The ridge and the river, a novel by T. A. G. Hungerford
Sydney: Pacific Books (Angus & Robertson), 1966
Tom Hungerford was a sergeant in the 2/8 Commando Squadron in the Australian Army in World War II. In his own words he "was one of a group of men all doing the same bloody thing. Sticking the head up, hoping to Christ it wouldn't be shot off." The 2/8 Commando spent the last 10 months or so of the war on the island of Bougainville, conducting small group patrols and ambushes, and generally keeping the Japanese army off guard and nervous.
The ridge and the river is a fictionalised account of one such patrol, consisting of a section of men from all across Australia, of many different types, and who don't necessarily all like each other. They are given a reconnaissance task to undertake, which goes wrong, people are wounded, and the section faces a long march back through the jungle to get back to base.
While the description of the fighting pulls no punches, Hungerford is more interested in the interplay between the men of the section. Shearwood, the corporal leading the group since their last officer was killed, and Wilder the new lieutenant, who needs to earn his stripes - not only because he is a new man in the group but because of his cowardice in an initial tussle with the Japanese has the men wary of him - are the leaders of the group, but we are also taken into the minds of Manetta, White, Evans, and Malise, who is the spoiler in the group. We learn where they have come from, what drives them, and how they cope with the constant fear and deprivation that jungle fighting brings upon them.
Along the way Hungerford tackles other issues - including colonialism, Aboriginal rights, and the burdens of leadership. This is all done in a way that brings the issues to mind without making too much of them. Given that this book was originally published in 1952, some of the things he has to say about the rights of natives were quite forward-thinking.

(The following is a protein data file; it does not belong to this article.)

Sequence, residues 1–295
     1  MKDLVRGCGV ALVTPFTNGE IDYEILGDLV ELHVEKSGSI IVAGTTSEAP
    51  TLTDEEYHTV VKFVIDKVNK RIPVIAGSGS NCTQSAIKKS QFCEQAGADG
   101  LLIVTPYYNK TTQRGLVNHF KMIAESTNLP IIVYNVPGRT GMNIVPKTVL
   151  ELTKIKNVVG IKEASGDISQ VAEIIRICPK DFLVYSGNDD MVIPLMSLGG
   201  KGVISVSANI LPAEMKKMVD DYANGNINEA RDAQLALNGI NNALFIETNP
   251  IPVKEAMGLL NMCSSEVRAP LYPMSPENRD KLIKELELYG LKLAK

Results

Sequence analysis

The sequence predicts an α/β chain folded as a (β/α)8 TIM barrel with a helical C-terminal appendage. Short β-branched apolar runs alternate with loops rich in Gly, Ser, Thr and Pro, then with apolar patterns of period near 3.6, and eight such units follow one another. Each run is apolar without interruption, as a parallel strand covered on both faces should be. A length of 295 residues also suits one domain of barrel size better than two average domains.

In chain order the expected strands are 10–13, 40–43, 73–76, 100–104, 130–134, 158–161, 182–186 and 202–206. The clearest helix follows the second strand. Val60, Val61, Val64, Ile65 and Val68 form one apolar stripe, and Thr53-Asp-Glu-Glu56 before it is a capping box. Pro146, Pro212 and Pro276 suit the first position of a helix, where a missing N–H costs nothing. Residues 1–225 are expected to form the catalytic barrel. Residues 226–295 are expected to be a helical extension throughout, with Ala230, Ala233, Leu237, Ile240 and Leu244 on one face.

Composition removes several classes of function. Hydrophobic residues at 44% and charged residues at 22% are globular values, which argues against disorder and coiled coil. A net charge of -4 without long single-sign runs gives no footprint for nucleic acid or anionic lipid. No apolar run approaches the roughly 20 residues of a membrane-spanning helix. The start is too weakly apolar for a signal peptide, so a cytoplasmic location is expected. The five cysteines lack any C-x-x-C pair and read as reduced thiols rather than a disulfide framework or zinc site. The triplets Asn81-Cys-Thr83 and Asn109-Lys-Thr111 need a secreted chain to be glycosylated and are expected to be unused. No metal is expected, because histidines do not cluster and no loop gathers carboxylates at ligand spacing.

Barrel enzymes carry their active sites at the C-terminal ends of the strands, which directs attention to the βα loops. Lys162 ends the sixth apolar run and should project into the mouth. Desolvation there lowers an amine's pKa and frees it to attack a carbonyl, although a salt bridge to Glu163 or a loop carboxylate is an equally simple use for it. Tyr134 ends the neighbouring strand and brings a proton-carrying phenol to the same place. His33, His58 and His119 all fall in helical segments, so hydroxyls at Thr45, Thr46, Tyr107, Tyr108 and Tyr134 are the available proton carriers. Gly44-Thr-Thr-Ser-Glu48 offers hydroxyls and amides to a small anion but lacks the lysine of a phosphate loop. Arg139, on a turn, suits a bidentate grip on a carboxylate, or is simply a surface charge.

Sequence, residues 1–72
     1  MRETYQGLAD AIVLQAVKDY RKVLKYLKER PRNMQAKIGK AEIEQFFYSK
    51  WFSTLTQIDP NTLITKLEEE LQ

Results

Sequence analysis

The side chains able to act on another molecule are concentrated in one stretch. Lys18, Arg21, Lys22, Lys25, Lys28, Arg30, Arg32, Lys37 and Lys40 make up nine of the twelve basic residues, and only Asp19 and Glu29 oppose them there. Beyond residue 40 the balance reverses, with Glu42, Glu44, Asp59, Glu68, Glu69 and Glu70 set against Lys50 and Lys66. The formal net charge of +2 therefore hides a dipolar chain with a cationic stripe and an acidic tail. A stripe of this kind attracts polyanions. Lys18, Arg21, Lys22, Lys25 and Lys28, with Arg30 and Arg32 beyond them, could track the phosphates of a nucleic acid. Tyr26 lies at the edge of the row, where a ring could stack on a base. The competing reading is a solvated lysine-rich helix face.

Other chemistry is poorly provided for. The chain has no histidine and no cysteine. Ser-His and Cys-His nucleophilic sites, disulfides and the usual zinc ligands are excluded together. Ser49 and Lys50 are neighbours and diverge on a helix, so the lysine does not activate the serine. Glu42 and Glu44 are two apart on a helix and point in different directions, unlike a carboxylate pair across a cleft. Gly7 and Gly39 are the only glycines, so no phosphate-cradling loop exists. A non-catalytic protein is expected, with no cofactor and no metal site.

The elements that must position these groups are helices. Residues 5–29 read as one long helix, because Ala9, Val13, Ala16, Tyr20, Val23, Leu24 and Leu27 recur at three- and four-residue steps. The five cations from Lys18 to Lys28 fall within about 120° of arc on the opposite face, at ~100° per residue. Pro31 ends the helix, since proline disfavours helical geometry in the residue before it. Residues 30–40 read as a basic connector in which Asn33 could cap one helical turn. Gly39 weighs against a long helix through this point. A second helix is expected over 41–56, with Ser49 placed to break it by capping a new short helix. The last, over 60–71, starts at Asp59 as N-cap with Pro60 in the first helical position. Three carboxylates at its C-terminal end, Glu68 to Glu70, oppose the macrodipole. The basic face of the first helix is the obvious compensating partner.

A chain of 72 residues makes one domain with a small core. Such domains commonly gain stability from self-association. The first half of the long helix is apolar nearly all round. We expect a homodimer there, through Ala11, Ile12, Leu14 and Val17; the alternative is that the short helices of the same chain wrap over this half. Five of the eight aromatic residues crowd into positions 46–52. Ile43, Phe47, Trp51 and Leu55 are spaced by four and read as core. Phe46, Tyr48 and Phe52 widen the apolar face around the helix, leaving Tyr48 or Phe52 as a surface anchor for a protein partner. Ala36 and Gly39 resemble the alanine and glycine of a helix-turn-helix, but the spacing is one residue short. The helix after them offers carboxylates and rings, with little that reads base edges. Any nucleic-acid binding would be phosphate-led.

The style of the book is matter-of-fact, with plenty of rough talk between the men of the section - this dialogue brings the story alive, and given Hungerford has direct experience of the jungle war, is no doubt accurate (one of my great-uncles was a Bren gunner in the 2/6 and 2/9 Commando, and I was reminded of him more than once during this book). The story itself is tense, which makes it a page-turner, and which is why I don't want to give away too much of what happens - needless to say there are one or two twists and turns, and by the end of the book you as a reader are drained, as are the men in the story. There is a final piece of information in the last few pages of the book that bring home to the reader the futility of war quite powerfully.
I was once told that to get a feel for what Australian troops did in the jungles of Melanesia read The ridge and the river - I can recommend that you do the same.
The ridge and the river has been republished many times, and it should be relatively easy to find a copy at your local library (where I got mine), or at a second-hand bookshop.
Cheers for now, from
A View Over the Bell